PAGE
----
It's the first day of the Bengals' organized team activities and Tyler Boyd sprints over to fellow wide receiver John Ross after making a sweet catch during 11-on-11 drills.
Boyd stops in front of Ross, flashes a bright smile, slaps his helmet and bellows loud enough for everyone on the sun drenched practice fields to hear.
"That a way baby, play fast," Boyd says.
Fast. That is one way to describe Ross, the Bengals' third-year wide receiver, who the team selected with its first pick in the 2017 NFL Draft. Ross earned that after showcasing elite 4.22 speed at the 2016 NFL Combine.
Early on in OTAs, Ross has already shown the fluidity as a receiver in head coach Zac Taylor's system that made him so enticing to the Bengals.
The 24-year old Ross figures to be all over the field as a threat, a decoy and a dynamic weapon who helps keep opponents on their heels and allows the Bengals' offense to zig when the defense zags.
A look back at some of the best images for wide receiver John Ross in 2018.
"I love it," Ross said about the new offense. "I think it will play to all of our strengths. We all complement each other really well in a way that will be hard to defend with everyone on the field."
The Bengals remain excited about Ross and his potential. But they also know when a player isn't playing fast enough, most of the time he is overloaded with information. That's where a guy like Boyd comes in to help provide a road map to success.
"With John he's still thinking," Boyd said. "He's thinking and then he reacts. I feel like once he gets comfortable and makes plays he'll be fine. He's just got to cut it loose. He's a great player. He runs his routes clean and he's the fastest guy in the league. Once it comes to him and he can just react, it'll be like a hot knife through butter."
Boyd's success story from 2018 reminds many observers of successful NFL receivers who took two-plus years to develop into productive receivers. Recently guys like Davante Adams in Green Bay, Sterling Shepard with the New York Giants and the New York Jets' Quincy Enunwa have all made similar jumps progressing from year two to three. The 24-year old Boyd enjoyed a breakout third season in Cincinnati tallying 76 receptions for 1,028 yards and seven touchdowns.
For Boyd, experience, trust and not overthinking the game matter the most.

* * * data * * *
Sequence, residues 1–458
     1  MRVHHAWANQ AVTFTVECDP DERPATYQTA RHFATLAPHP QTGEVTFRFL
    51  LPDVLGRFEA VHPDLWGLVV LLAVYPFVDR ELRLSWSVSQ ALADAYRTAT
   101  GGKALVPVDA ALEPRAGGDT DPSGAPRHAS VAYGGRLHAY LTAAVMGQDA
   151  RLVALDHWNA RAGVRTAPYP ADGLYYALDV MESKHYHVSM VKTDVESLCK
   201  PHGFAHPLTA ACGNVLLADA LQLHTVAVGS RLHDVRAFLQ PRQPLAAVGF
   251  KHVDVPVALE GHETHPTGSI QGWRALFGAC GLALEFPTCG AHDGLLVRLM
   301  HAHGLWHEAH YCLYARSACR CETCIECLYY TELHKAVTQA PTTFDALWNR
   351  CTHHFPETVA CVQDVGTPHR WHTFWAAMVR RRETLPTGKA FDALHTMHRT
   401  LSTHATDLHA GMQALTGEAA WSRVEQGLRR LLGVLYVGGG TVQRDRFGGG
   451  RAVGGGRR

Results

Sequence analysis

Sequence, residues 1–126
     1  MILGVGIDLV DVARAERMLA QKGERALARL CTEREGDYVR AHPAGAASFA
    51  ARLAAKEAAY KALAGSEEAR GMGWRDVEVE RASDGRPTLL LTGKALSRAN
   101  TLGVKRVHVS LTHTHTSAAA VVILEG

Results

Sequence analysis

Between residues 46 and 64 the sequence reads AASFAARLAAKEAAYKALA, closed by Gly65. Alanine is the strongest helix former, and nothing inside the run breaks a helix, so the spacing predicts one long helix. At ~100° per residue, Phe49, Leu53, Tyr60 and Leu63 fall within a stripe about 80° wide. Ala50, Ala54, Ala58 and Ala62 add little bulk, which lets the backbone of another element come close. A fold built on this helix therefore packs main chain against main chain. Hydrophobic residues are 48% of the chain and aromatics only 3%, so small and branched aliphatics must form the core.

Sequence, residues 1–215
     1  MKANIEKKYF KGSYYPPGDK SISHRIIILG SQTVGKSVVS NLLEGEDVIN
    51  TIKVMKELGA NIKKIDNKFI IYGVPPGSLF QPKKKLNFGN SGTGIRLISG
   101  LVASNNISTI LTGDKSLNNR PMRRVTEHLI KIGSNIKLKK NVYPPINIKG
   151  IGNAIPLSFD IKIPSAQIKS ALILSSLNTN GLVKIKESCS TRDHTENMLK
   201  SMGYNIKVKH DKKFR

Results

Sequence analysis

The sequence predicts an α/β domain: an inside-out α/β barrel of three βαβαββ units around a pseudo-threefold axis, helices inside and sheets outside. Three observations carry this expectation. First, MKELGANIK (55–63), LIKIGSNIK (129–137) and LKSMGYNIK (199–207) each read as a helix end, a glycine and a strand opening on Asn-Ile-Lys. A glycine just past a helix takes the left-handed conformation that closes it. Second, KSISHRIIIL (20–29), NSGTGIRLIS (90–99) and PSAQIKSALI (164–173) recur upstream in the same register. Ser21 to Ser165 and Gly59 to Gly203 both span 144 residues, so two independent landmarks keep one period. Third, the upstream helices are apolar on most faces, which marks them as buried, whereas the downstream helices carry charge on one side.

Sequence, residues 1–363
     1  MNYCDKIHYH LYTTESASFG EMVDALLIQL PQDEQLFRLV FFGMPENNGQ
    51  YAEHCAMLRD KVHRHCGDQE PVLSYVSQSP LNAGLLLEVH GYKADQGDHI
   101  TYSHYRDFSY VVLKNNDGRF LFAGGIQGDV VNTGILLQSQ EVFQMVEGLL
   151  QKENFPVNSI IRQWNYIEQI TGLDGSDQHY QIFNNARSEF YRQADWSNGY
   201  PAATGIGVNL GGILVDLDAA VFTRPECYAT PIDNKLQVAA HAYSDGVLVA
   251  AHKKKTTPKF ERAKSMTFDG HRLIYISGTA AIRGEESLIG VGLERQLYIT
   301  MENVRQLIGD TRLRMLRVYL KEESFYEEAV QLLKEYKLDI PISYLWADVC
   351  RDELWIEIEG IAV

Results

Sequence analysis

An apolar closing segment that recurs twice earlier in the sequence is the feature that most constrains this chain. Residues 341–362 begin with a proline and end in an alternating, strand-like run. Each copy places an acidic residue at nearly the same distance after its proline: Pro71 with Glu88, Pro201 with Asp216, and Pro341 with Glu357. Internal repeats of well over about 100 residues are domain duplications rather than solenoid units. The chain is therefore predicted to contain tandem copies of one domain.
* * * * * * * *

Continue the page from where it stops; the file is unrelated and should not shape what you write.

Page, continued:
"Once you feel like the coaches trust you, you then can run things how you want to run it," said Boyd. "You are supposed to run a route a certain way, but if the leverage isn't right, you have to figure out a different way to get the job done. I felt like that came to me quicker. I understood defenses better, the leverage and how to attack a guy to get where I need to be. Getting that confidence and having the coaches' trust in me helped me play fast. Coaches want John to play fast. He's got to be in that comfort zone and cut it loose."
Similar to Boyd's first two years with the Bengals, Ross' early NFL career has been slow to develop. In his second season Ross caught 21 passes for 210 yards and seven touchdowns, with five of those touchdowns coming on throws six yards or less. After being limited to 17 snaps in 2017, Ross continues not to dwell on the past, but instead look toward the future with a positive outlook.
"I felt like my year one was last year because I played 17 plays my first year," Ross said. "It was just get in there and run around a little bit. Last year I got a lot of reps and got good experience. It is almost like I got a redshirt year. I got the gist of things and now I know what to look for."
It can be a lot to ask of the team's 2016 first round pick. But Ross' playmaking ability and versatility make him an attractive weapon in Taylor's offense.
The Bengals coaches aren't babying Ross either. They're doing all they can to maximize him and fully coach him up so when opponents respond, Ross and company will be able to respond right back.
Ross believes the combination of coaching, the system and an individual's own work ethic help a lot of NFL receivers develop into top-tier players.
"I feel like it can be a little mix of experience and the system that you are in," said Ross. "Some people are blessed to be in systems that fit them well. Others are just naturally talented. To me there's so many things that go into it, it's hard to pinpoint one thing. You've got guys like (Minnesota's) Adam Thielen whose progression is completely different than a lot of guys and he was a top five receiver last year. It can happen for anybody at any time no matter where you are at or who you are."
Ross definitively knows there's an opportunity for him to enjoy great success. He's focused this offseason on building his base not only physically, but mentally for the demands of the season. The day-by-day, positive approach has served him well with the new staff. Now, Ross is building upon that and accepting the challenge.
"It depends on how hard you work and the chances you get and how well you grasp onto the opportunity," said Ross. "You have to be placed in the right spot, show how hard you work and be ready to do what you do day-by-day."